When you try your best, but you don't succeed
When you get what you want, but not what you need
When you feel so tired, but you can't sleep
Stuck in reverse

And the tears come streaming down your face
When you lose something you can't replace
When you love someone but it goes to waste
Could it be worse?

Lights will guide you home,
And ignite your bones,
And I will try to fix you.
By Colplay

Tuesday, 16 September 2008

Winter

As part of "A Blog In Mourning" week. This post is dedicated to the memory of the Greshlets.

I should know who I am by now
I walk the record stand somehow
Thinkin' of winter
The name is the splinter inside me
While I wait...

The walk has all been cleared by now
Your voice is all I hear somehow
Calling out winter
Your voice is the splinter inside me
While I wait...

I could have lost myself
In rough blue waters in your eyes
And I miss you still.

And I remember the sound
Of your November downtown
And I remember the truth
A warm December with you
But I don't have to make this mistake
And I don't have to stay this way
If only I would wake.
By Joshua Radin

Monday, 15 September 2008

Wish You Were Here

As part of "A Blog In Mourning" week. This post is dedicated to the memory of the Greshlets.

How I wish, how I wish you were here.
We're just two lost souls swimming in a fish bowl, year after year,
Running over the same old ground.
What have you found? The same old fears.
Wish you were here.
by Pink Floyd. Waters/Gilmour

A Blog In Mourning

Out of respect for and in commemoration of the anniversary of the loss of the Greshlets, the blog has undergone a temporary colour change.

The posts this week are all dedicated to four beautiful children. They are all lyrics from songs that whose words hold resonance of some kind. I hope the authors will forgive me any copyright infringements.

Sunday, 14 September 2008

A Corner Turned

It will all be OK now. I promise you. I know you don't believe me yet, but give me a chance and I will show you. I have sunk so low and it hurt more than I think you realise. But out of the terrible darkness has come light. I...No...We have a long way to go I know, but with you by my side I have strength. Stay with me and it will be better than it was before. I miss and love you.

Friday, 12 September 2008

Smart Ass Answers

As seen on various websites and emails recently...Hopefully this small collection of quick witted answers will make you smile.

Smart Ass Answer #5:
A flight attendant was stationed at the departure gate to check tickets. As a man approached, she extended her hand for the ticket and he opened his trench coat and flashed her. Without missing a beat she said, "Sir, I need to see your ticket not your stub."

Smart Ass Answer #4:
A lady was picking through the frozen turkeys at the grocery store, but she couldn't find one big enough for her family. She asked a stock boy, "Do these turkeys get any bigger?" The stock boy replied, "No ma'am, they're dead."

Smart Ass Answer #3:
The cop got out of his car and the kid who was stopped for speeding rolled down his window. "I've been waiting for you all day," the cop said. The kid replied, "Yeah, well I got here as fast as I could." When the cop finally stopped laughing, he sent the kid on his way without a ticket.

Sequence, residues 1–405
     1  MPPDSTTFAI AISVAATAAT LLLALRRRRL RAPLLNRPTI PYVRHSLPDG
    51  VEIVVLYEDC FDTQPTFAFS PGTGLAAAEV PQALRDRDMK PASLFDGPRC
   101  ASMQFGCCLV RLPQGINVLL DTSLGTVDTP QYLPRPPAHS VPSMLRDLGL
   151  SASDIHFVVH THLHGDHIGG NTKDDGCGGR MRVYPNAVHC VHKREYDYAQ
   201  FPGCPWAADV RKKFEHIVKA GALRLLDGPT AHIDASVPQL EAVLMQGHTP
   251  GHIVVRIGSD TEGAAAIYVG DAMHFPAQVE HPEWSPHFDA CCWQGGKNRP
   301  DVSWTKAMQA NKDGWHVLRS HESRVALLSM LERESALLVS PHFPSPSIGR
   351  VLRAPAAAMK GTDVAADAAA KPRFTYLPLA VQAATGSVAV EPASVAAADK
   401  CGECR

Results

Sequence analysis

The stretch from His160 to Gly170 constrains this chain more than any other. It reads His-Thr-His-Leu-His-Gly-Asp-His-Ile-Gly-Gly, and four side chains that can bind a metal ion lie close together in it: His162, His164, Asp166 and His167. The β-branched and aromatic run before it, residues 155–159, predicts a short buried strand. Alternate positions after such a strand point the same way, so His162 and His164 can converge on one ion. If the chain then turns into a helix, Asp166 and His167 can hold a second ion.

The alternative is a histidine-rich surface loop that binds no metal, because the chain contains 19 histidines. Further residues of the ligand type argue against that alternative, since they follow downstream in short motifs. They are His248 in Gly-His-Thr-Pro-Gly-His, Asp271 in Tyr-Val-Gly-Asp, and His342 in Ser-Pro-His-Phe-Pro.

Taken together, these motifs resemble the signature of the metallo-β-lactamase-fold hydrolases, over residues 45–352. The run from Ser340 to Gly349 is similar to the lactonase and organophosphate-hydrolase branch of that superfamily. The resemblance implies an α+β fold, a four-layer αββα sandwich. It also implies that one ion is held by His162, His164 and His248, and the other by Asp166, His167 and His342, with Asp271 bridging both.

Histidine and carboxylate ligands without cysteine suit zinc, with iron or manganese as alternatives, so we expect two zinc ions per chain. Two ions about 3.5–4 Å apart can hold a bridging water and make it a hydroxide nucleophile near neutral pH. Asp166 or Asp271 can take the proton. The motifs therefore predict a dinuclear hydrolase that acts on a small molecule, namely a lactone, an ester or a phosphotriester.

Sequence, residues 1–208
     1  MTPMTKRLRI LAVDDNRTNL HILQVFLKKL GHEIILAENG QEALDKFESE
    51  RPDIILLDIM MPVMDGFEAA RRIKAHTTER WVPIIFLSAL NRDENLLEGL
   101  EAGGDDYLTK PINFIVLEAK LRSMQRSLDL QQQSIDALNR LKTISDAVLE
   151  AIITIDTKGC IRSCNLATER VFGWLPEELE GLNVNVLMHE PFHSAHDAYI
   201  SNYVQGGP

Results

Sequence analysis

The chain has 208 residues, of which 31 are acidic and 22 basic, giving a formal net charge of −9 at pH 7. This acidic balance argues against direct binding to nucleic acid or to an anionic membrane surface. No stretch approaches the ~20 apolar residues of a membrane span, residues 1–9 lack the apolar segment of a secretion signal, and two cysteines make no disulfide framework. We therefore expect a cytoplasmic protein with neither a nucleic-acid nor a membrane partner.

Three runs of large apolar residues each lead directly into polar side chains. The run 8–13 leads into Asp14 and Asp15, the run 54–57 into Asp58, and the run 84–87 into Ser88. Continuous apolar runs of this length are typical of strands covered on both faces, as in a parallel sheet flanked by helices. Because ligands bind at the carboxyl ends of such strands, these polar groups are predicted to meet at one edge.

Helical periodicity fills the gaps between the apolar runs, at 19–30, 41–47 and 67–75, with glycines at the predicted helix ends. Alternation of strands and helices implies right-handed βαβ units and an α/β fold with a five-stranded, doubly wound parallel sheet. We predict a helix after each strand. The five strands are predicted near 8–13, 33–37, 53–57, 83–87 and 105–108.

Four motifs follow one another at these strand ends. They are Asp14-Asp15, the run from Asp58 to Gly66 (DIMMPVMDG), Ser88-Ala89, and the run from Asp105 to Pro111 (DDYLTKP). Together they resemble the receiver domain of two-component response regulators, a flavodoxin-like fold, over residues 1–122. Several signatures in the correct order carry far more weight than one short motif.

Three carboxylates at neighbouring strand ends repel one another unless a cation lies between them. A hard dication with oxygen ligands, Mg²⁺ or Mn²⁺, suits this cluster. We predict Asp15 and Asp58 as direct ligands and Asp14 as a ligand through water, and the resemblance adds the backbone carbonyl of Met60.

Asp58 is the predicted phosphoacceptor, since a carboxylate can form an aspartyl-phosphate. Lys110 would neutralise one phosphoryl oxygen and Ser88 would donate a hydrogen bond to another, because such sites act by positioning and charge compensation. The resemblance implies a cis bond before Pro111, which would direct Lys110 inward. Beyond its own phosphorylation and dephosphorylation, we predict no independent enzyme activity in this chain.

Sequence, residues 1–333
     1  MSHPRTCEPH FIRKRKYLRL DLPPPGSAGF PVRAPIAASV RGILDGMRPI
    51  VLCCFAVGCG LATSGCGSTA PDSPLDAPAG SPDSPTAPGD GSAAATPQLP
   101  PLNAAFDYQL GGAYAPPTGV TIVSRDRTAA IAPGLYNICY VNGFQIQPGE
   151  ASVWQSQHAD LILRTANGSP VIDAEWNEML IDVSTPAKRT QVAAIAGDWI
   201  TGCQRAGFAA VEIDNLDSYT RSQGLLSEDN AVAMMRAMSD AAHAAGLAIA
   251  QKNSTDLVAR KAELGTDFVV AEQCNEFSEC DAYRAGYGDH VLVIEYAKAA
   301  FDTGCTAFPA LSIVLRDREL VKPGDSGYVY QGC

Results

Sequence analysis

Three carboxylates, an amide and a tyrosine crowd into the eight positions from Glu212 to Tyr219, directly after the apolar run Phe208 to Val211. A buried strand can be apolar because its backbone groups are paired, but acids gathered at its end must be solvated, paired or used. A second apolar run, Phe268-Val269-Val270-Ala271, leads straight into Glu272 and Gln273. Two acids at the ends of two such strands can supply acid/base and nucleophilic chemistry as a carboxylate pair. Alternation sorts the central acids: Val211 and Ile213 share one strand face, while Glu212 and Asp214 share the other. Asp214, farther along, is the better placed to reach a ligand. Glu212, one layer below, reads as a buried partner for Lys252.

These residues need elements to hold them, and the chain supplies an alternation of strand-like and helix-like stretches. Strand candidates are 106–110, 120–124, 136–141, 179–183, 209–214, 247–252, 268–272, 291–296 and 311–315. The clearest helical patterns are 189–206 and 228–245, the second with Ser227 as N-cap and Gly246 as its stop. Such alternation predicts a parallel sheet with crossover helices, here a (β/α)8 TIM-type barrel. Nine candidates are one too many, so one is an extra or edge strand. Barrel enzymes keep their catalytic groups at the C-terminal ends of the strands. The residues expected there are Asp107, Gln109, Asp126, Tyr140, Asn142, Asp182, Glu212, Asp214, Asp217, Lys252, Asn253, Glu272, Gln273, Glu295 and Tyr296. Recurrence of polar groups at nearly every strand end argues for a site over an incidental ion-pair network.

Smart Ass Answer #2:
A truck driver was driving along on the freeway. A sign comes up that reads, "Low Bridge Ahead." Before he knows it, the bridge is right ahead of him and he gets stuck under the bridge. Cars are backed up for miles, Finally, a police car comes up. The cop gets out of his car and walks to the truck driver, puts his hands on his hips and says,"Got stuck, huh?" The truck driver says, "No, I was delivering this bridge and ran out of gas."

Smart Ass Answer #1:
A college teacher reminds her class of tomorrow's final exam. "Now class, I won't tolerate any excuses for you not being here tomorrow. I might consider a nuclear attack or a serious personal injury or illness, or a death in your immediate family, but that's it, no other excuses whatsoever!" A smart ass guy in the back of the room raised his hand and asked, "What would you say if tomorrow I said I was suffering from complete and utter sexual exhaustion?" The entire class is reduced to laughter and snickering. When silence was restored, the teacher smiled knowingly at the student, shaking her head and sweetly said "Well, I guess you'd have to write the exam with your other hand."

Wednesday, 10 September 2008

retrogeek

I came a cross a new blog this week which looks really promising. retrogeek is written by a chap who recently discovered a heap of 1980's computer magazines in his mother's garage and is now scanning the more interesting bits and sharing them. This is pure gold for me as although I appear to be slightly older than this chap, I too remember the excitement of the dawning of the home computer age. It is especially nice to see it from the UK perspective as well.

I have added retrogeek to my "Links" section on the right, and I urge you to subscribe.

Tuesday, 9 September 2008

Religious War

Who says that religion doesn't cause war? But this is one war I can get behind. The video below explains all. Originally seen on RGS.

Monday, 8 September 2008

Waterworld

Feeling a little claustrophobic yesterday afternoon I decided to take a walk down to the Teme (one of two rivers in Worcester) to see first hand how far this year's floods have reached. With more rain allegedly on the way, I can see that this year may well match the levels we saw last summer. My wife and I walked along Laugherne Brook then around to the newly refurbished Powick Bridge.